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A Historic Promotion

Leigh Brady sitting next to yellow blooming flowers on a grassy lawn

Last June, Leigh Walston Brady and her husband Chris went out to run some regular Saturday morning errands: to the garden center, to the grocery store, to the family flower beds.

That’s when she got a call from the chair of the board of directors of the State Employees’ Credit Union for an immediate face-to-face meeting.

“I haven’t had a shower,” she said.

“That’s OK,” was the answer, “come over now.”

At that meeting, the lifelong employee of the nation’s second-largest credit union was offered the chance to become the 2.8 million-member financial cooperative’s first female chief executive officer effective July 1, an elevation long in the making for a proud daughter of North Carolina and member of NC State’s 1987 centennial class.

What in her life has changed since moving from her previous chief operating officer’s role into the C suite overlooking downtown Raleigh?

“Well, I’ve taken a shower every Saturday morning since then,” Brady says, laughing. “You never know what might happen.”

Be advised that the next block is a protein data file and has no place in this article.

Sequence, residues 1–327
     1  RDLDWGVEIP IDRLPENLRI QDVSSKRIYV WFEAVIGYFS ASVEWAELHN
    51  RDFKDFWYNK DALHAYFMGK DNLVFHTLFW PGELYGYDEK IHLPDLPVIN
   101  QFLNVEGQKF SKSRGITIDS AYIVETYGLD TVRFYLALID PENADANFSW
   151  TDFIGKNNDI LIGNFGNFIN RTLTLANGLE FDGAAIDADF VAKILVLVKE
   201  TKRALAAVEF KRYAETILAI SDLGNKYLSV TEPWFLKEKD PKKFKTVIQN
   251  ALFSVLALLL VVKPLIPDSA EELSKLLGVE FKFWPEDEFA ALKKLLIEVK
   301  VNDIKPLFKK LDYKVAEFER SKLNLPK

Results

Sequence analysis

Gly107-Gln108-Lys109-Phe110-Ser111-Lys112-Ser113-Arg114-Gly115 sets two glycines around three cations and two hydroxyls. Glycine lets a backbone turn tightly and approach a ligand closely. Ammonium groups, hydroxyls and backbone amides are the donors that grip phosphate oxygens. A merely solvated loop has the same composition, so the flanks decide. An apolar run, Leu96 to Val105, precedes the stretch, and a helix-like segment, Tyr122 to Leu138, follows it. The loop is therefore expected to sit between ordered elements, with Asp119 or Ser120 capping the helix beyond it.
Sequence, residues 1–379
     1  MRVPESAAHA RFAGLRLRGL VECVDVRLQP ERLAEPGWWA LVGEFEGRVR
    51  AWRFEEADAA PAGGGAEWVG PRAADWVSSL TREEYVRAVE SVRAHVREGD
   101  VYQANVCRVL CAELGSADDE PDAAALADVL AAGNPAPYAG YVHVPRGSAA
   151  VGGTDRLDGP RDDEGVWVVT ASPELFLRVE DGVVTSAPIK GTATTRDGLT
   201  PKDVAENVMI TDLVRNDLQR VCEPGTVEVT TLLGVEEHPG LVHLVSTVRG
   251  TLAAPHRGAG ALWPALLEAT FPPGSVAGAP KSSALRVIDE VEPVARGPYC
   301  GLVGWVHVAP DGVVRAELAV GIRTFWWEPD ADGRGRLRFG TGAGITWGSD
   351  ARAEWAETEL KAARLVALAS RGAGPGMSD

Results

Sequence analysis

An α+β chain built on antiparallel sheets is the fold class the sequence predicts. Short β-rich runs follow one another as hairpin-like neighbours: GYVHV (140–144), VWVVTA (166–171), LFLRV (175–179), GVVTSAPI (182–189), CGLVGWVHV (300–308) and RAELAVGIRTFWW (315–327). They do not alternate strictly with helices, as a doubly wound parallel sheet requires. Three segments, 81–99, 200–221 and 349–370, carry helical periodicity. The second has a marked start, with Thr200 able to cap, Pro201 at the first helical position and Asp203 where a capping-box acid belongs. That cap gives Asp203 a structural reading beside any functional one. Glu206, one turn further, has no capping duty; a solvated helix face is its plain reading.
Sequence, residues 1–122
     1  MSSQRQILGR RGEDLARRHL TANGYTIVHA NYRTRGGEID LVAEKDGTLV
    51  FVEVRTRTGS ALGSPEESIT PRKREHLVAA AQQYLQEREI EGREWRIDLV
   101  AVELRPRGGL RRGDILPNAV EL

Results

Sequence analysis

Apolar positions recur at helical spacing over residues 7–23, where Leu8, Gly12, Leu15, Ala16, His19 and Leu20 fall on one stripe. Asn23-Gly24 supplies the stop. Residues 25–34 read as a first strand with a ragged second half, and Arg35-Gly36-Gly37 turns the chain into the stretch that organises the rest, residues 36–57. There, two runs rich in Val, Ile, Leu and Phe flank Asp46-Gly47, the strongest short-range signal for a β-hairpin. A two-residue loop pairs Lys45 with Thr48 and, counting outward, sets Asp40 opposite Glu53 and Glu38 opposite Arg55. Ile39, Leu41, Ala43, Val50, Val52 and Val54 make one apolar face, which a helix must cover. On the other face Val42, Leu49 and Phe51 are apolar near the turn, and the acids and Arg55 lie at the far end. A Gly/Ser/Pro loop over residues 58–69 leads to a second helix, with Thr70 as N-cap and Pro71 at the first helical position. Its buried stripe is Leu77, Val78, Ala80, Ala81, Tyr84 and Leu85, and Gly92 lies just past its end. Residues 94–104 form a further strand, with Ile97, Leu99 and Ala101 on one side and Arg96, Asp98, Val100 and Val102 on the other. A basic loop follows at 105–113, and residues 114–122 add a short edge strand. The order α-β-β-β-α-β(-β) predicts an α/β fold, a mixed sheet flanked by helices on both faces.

Life does come fast and differently in the CEO’s chair. Brady has learned to be even more prepared every day in the organization where she’s worked for the past 36 years.

Brady never set her sights on ascending to the top of the org chart as she worked her way up from being an accounting technician at the 801 Hillsborough Street branch, barely a mile from NC State’s Memorial Tower and about halfway between campus and SECU’s executive building attached to the North Carolina Museum of Natural History on Salisbury Street.

That first job came after she answered a blind newspaper classified ad, not knowing which company had advertised the position.

“I thought I would be here for two years and then move on,” she says. “I learned early on that there is something different about SECU and its mission, something special about working here.”